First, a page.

Salmonella sickens 16 in Norway; source unknown

A rare type of Salmonella has infected 16 people in Norway with the majority needing hospital treatment.

The Norwegian Institute of Public Health (Folkehelseinstituttet) reported that the Salmonella Blockley outbreak had affected people living in several counties in the country.

The source of infection is unknown, so an investigation has been started with the Norwegian Food Safety Authority (Mattilsynet) and the Norwegian Veterinary Institute.

People have fallen sick from the end of November 2021 up to the first week of January 2022. They are aged 1 to 80, and 11 of them are women.

Five ill people live in Trøndelag, three each in Viken and Troms og Finnmark, two in Nordland and Vestland and one in Rogaland.

Likely less severe cases not being found
Bacteria with the same genetic profile has been detected in 12 of 16 patients which means they were likely infected from the same source.

Salmonella Blockley … Read more

Pre-cut cantaloupe determined to be cause of Salmonella Javiana outbreak

The FDA has quietly announced that cut cantaloupe is behind an outbreak of Salmonella Javiana infections. The CDC remains mum on the topic.

In a weekly update, the Food and Drug Administration added two words to a line item about the Salmonella Javiana outbreak — cut cantaloupe. The outbreak has sickened at least 65 people but the FDA has not revealed what states the people live in.

The FDA reports that as of Jan. 13 the outbreak has ended. The Centers for Disease Control and Prevention have not released any information about the outbreak despite the FDA has identified the probable cause. The FDA has not reported information regarding the patients’ ages or illness onset dates. Neither did the agency report whether there were any hospitalizations or deaths in the outbreak.

According to information released by the FDA in December 2021, fresh-cut fruit from Taylor Cut Produce, which was eventually … Read more

Court will likely name food safety expert Lapsley to sort out the Amos Miller mess

Food safety expert George D. Lapsley is in line for the court’s appointment to sort out the mess known as the Amos Miller matter.

Assistant U.S. attorneys Gregory B. David and Gerald B. Sullivan proposed naming Lapsley as an expert in the case to assist the court by 1.) monitoring whether defendants are complying with the court’s enforcement orders, 2.) helping to facilitate specific provisions in those orders, 3.) submitting written reports, and 4.) providing testimony.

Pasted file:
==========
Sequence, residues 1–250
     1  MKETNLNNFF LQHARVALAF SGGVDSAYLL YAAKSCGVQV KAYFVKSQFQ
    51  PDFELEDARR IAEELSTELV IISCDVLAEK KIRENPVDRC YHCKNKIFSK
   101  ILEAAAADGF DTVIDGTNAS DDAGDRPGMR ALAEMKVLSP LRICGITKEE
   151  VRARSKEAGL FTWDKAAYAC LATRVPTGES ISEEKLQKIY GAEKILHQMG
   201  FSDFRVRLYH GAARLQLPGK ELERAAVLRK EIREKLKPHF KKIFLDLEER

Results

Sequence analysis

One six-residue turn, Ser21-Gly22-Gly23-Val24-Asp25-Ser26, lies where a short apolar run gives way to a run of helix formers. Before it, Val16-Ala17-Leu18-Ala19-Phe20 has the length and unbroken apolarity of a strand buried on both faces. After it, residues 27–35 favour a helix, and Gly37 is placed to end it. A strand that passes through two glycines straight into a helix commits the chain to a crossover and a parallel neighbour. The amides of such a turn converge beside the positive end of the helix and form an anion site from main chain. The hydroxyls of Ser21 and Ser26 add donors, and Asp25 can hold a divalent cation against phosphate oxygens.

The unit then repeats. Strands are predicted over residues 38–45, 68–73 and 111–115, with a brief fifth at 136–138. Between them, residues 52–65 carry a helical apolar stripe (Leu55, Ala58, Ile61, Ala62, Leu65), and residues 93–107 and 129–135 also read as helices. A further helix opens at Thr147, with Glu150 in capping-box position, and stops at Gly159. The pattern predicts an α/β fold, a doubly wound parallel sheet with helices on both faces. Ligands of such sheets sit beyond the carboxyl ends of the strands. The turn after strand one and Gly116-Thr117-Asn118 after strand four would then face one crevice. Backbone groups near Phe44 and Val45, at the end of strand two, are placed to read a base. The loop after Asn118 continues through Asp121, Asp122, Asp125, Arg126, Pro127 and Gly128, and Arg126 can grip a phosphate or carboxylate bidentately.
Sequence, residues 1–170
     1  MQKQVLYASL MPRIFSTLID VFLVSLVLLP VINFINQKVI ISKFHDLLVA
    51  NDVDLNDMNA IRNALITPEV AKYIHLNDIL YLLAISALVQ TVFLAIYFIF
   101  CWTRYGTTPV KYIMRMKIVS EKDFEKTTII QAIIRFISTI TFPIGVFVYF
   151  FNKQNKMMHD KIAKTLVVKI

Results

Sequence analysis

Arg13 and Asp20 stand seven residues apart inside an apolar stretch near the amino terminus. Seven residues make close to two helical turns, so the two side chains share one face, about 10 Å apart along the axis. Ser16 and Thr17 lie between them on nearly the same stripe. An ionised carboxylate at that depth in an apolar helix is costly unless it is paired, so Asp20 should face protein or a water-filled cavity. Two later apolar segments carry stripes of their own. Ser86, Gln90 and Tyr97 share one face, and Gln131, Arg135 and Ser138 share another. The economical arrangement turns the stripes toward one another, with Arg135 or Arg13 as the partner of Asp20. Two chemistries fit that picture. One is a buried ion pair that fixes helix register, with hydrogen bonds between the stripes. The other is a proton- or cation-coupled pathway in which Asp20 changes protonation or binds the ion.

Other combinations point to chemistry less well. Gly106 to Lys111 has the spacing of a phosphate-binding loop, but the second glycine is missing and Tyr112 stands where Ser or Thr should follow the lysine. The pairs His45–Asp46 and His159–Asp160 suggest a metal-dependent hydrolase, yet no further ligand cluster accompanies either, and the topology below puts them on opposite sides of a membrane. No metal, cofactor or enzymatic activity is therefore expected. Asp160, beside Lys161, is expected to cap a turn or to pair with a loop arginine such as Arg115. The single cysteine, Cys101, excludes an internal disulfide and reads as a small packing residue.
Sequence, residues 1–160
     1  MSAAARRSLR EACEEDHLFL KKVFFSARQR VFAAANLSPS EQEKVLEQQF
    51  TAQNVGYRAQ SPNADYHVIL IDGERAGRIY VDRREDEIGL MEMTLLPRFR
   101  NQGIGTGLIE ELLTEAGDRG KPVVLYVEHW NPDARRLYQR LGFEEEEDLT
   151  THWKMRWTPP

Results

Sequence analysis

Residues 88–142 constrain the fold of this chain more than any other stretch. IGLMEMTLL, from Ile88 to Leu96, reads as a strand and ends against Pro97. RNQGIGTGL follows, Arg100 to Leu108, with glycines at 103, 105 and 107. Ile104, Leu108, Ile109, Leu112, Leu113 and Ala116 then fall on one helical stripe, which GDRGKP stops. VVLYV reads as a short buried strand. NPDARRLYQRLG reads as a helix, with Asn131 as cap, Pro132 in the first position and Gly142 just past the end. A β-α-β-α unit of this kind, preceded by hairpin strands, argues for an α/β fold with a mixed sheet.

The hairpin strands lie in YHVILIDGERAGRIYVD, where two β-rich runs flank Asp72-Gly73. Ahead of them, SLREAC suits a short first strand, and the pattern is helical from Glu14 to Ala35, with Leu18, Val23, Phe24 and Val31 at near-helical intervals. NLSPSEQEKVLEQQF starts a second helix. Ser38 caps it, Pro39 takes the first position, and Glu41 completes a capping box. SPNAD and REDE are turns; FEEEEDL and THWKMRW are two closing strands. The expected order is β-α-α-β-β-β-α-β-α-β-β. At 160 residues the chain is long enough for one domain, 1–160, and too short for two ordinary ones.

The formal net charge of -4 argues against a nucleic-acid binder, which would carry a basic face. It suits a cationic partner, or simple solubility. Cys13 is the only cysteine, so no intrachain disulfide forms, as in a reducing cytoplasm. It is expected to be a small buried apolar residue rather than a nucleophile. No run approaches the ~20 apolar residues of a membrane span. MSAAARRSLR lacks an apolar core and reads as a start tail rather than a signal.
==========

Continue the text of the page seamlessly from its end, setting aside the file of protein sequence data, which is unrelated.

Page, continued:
The motion, filed in the U.S. Circuit Court for the Eastern District of Pennsylvania, asks anyone to show why Miller and Miller’s Organic Farm should not be held in further contempt of the court’s November 2019 Injunction Order and April 2020 Consent Decree, and the July 22, 2021, Contempt Sanctions order.

They’re asking federal Judge Edward Smith to consider appointing Lapsley as the court’s expert, saying he is widely known to the parties. Miller … Read more

Ag Industry lines up against Center for Food Safety in case against Glyphosate

On Monday the U.S. Court of Appeals for the Ninth Circuit heard arguments in the challenge to the Environmental Protection Agency (EPA) approval of Glyphosate, the active ingredient in Monsanto-Bayer’s flagship Roundup weedkiller. 

Glyphosate is down but not out after last year when California’s highest Court upheld an $86.2 million award to a couple who developed cancer after using Roundup for 30 years. After that loss, Bayer agreed to fund a $30 billion settlement with thousands of other lawsuits filed in state and local courts. Up to another $2 billion went to future litigation.

The Center for Food Safety leads this week’s challenge to EPA’s approval of Glyphosate, the active ingredient in Monsanto-Bayer’s Roundup.

At stake in the argument is EPA’s 2020 decision that Glyphosate poses no health risks of concern, despite the expeditious rise of non-Hodgkin’s lymphoma cases connected to Glyphosate and EPA’s failure to assess occupational exposure to Read more

Former Blue Bell president’s trial delayed until summer

The trial of Paul Kruse, a scion of the family that has run Blue Bell Creameries since 1919, has again been postponed.

Federal Judge Robert Pitman signed an order delaying jury selection by 140 days, now setting it on Aug. 1 immediately before the trial begins.    The U.S. District Court for the Western District of Texas in Austin has jurisdiction over the case.

Kruse headed the company in 2015 when an outbreak of Listeria infections traced to the firm’s ice cream sickened 10 and killed three.

Federal felony charges of conspiracy and fraud have been pending against Kruse since October 2020. This past year, his defense attorneys asked to delay the trial to 2022 because of their obligations for other clients.

Until this second delay, Kruse, the retired chief executive of Blue Bell Creameries, was scheduled for a jury trial beginning March 14 this year.

The 140-day delay extends that Read more